APELE Workshop: Access to university studies for people with fewer opportunities (including migrants) through the recognition of experiential and prior learning in European countries. [L’accesso agli studi universitari delle persone con minori opportunità (inclusi i migranti) attraverso il riconoscimento dell’apprendimento esperienziale e pregresso nei paesi europei]
On March 16 2022 an online workshop was organised in the framework of the APELE (Accreditation of prior experiential learning in European Universities) project. The project, funded by the Erasmus+ programme, aims to focus on those students pursuing non-traditional paths to university.
The APELE partners, among whom the University of Bari and Armes Progetti per la Val di Vara in Italy, analysed the legislative situation in different European countries concerning how experiential learning is recognised at national level for access to university. The formalisation of harmonious paths of recognition and validation of experiential learning would in fact allow portions of the population with fewer opportunities (including migrants, people facing geographical obstacles or with educational difficulties) to see reduced school drop-outs in accessing university education, offering young people a possibility of personal development in line with the objectives of the European educational area.
This perspective is made necessary by the freedom of movement of students within the European Union, and today the results of the project appear absolutely relevant in the face of the challenges – in terms of integration in the years to come of a large number of refugees – that the war in Ukraine poses. The freedom of movement of students promoted by the European Union requires it to be accompanied by measures to achieve mutual and automatic recognition of higher education and upper secondary education qualifications and achievements during periods of learning abroad. There is therefore a need to provide adequate pathways for easy access to higher education across borders, and to support students and all those who have followed a different pathway but wish to continue their studies.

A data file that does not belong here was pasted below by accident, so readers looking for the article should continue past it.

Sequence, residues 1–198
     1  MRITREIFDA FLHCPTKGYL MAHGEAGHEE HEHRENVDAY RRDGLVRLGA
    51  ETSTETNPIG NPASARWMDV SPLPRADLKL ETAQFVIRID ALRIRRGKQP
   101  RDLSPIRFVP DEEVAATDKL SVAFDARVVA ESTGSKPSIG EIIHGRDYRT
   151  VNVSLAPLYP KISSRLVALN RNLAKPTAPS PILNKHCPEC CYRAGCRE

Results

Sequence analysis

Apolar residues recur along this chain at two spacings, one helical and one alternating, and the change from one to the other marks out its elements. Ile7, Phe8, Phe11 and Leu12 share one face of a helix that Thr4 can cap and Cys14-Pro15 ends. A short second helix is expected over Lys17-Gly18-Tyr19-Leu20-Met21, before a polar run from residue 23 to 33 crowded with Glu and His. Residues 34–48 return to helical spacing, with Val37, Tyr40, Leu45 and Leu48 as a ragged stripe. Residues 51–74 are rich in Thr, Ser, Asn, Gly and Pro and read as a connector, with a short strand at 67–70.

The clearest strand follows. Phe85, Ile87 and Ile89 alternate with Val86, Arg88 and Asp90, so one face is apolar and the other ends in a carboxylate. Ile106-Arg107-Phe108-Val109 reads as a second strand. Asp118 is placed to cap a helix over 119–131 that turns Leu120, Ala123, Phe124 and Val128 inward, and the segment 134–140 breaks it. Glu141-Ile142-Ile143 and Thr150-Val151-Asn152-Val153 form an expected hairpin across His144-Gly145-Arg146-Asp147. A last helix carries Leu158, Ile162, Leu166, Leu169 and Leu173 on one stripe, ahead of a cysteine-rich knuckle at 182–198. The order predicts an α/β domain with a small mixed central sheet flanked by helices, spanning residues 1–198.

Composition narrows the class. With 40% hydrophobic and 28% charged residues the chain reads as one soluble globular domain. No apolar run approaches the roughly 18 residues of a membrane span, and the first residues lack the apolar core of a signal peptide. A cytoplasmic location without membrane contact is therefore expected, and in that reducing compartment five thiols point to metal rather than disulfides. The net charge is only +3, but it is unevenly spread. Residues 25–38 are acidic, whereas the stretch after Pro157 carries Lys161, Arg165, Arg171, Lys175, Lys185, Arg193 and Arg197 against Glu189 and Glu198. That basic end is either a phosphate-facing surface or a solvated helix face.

The workshop was the opportunity to disseminate the results of the project which is nearing completion. It started with a warm welcome by Chiara Gemma, Member of the European Parliament (Movimento 5 Stelle, Italy) and afterwards by MEP Brando Benifei (Group of the Progressive Alliance of Socialists and Democrats), who gave an overall overview regarding the situation and background of the project’s objectives.
Markus Meckl, Coordinator of the project and Professor at the University of Arkhuriri (Iceland), gave a presentation about APELE and then briefly explained the results obtained in Iceland. He highlighted that the purpose of the project has been to find an answer to the challenges of how students who follow a non-traditional learning path, that is, students without a high school diploma, could get into university. The target group of APELE is those people with fewer opportunities, such as people with learning difficulties, early school leavers, students that suffer from geographical obstacles, immigrants and refugees.
The workshop was followed by different presentations on case studies, first in Denmark, by Silvia Adamo, Professor at the University of Copenhagen, who also explained the legislative framework in Europe, and then in Italy, by Rosa Gallelli, Professor at the University of Bari, who talked about the migrant community in Apulia. Pasquale Renna, Ph.D at the University of Bari, gave an example of how to create the individual portfolio of the target group of students to access university.
Approaching the end of the workshop, Monica Amari, President of the ARMES Project, talked about the internal areas of the Italian Apennines; the Vara valley in Liguria. The last intervention was done by Tiberino Schmidin, Education and Culture Coordinator, Permanent Representation of Italy to the EU, who talked about the perspectives of possible legislative interventions in Italy.
The project partners wished to exchange views with stakeholders in order to explore the prospects for the implementation of such pathways in addition to the Erasmus+ funding. The circulation of ideas and the sharing of thoughts in the debate that followed the project presentation was a valuable element of comparison.